A Clinical Description of Extubation Failure in Patients with Primary Brain Injury
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Patients with acute brain injury but normal lung function are often intubated for airway protection, but extubation often fails. Currently, no clinical data exist that describe the events leading to extubation failure in this population. We examined the extubation failure rate, reintubation rate, and clinical characteristics of patients whose reason for intubation was a primary neurological injury. We then identified the clinical characteristics of those patients with primary brain injury who were reintubated.
We conducted a retrospective review of patients admitted to the neurocritical care unit of a tertiary care hospital from January 2002 to March 2007.
Of 1,265 patients who were intubated because of primary neurological injury of brain, spinal cord, or peripheral nerve, 25 (2%) died before extubation and 767 (61%) were successfully extubated. Tracheostomies were placed in 181 (14%) patients, of which, 77 (6.1%) were completed before a trial of extubation and 104 (8.2%) after extubation failure. A total of 129 (10%) patients were reintubated; 77 (6.1%) were reintubated within 72 h, meeting the definition of extubation failure. The other 52 (4.1%) were intubated after 72 h usually in the setting of pneumonia or decreased mental status. Ninety-nine of the patients reintubated had primary brain injury and resulting encephalopathy. All were successfully reintubated. Most patients intubated as a result of a primary brain injury (981) were successfully extubated. The most common clinical scenario leading to reintubation in these encephalopathic patients was respiratory distress associated with altered mental status [59 patients (59%)]. These patients usually had atelectasis and decreased minute ventilation, independent of fever, pneumonia, aspiration, and increased work of breathing [39 patients (39%)].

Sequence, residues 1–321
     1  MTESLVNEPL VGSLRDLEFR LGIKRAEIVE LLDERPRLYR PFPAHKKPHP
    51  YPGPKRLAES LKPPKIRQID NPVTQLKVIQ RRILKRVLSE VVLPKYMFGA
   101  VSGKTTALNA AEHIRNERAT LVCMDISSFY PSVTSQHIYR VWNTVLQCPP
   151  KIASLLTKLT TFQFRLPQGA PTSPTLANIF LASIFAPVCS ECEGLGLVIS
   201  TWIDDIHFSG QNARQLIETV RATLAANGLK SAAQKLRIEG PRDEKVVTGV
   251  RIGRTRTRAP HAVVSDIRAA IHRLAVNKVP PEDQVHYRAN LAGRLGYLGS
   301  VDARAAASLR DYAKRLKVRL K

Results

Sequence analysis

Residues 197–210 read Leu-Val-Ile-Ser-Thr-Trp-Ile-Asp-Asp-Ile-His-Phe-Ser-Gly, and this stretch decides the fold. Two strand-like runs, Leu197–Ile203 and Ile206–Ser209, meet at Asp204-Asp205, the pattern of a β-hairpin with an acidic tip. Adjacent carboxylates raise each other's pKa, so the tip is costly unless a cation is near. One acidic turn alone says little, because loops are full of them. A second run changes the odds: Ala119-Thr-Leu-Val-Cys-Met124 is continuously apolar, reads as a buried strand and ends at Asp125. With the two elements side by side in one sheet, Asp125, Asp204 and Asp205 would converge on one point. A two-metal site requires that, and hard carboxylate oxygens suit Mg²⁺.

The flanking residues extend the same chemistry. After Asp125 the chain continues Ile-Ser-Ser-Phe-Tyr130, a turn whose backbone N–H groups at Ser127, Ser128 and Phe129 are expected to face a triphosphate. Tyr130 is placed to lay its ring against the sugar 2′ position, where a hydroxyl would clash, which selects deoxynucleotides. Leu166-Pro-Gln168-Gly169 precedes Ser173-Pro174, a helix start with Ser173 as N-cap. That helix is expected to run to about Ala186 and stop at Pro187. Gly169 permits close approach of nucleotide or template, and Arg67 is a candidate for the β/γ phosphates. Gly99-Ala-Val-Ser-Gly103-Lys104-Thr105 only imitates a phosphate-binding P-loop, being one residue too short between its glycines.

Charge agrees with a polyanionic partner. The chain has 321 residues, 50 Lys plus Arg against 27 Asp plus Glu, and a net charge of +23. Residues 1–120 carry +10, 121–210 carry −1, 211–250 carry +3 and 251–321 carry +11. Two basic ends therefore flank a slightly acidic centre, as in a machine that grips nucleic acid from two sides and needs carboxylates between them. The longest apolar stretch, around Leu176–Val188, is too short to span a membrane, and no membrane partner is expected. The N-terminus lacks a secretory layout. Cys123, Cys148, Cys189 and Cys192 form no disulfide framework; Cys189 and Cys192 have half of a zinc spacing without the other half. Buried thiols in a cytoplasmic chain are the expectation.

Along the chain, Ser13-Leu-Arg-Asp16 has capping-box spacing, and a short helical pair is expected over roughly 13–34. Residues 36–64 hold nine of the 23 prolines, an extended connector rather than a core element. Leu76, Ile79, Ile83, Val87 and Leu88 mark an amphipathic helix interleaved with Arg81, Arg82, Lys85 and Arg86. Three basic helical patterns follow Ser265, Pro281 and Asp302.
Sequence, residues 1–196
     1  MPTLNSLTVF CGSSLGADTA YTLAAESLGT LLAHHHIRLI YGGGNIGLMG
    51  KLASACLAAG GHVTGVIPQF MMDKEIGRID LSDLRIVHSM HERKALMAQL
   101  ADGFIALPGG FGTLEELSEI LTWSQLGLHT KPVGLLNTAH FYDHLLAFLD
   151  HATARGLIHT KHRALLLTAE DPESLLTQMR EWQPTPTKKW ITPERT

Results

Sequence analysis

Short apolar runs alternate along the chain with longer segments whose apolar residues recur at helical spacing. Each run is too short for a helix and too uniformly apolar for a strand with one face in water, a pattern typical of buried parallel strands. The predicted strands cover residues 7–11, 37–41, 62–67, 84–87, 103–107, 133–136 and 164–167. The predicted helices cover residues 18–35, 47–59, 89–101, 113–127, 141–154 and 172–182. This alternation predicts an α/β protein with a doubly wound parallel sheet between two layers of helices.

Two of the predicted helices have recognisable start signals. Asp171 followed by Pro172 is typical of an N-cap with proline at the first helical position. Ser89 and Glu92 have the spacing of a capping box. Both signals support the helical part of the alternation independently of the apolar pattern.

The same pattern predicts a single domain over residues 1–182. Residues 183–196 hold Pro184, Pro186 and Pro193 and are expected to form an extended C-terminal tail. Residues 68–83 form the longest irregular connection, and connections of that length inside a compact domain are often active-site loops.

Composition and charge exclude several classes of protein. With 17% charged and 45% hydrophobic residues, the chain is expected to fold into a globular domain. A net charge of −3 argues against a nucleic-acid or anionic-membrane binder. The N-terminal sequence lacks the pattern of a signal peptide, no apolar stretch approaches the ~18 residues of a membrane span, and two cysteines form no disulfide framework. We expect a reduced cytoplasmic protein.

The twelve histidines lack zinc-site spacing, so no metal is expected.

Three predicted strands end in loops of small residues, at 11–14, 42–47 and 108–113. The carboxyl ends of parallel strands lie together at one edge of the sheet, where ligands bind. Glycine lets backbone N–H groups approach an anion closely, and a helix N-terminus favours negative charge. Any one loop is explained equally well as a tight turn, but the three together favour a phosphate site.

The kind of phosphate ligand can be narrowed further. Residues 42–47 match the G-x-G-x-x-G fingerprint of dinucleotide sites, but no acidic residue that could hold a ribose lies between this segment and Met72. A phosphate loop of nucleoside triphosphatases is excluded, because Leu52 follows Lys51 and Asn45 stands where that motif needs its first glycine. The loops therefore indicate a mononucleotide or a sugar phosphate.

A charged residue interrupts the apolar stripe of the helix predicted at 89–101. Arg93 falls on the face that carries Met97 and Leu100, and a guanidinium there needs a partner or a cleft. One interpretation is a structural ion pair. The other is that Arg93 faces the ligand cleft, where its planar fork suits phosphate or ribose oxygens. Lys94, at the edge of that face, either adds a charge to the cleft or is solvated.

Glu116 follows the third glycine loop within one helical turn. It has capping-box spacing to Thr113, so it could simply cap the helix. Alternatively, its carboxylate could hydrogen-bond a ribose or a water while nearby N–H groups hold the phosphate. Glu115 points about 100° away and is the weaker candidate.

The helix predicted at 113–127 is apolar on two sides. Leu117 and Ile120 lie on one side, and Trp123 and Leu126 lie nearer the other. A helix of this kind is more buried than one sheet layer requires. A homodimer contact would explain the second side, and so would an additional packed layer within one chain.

The extubation failure rate in our neurocritical care unit is low. In patients with encephalopathy and primary brain injury who were reintubated, respiratory distress caused by altered mental status was the most common cause of reintubation. These patients demonstrated signs disrupted ventilation usually with periods of prolonged hypoventilation. Increased work of breathing from lung injury due to pneumonia or aspiration was not the most common cause of reintubation in this population.
KeywordsExtubation Intubation Ventilation Brain injury Respiratory distress Tracheostomy
Special thanks to Claire Levine for her expert editorial help in preparing this manuscript.
Conflict of interest
No financial disclosure.
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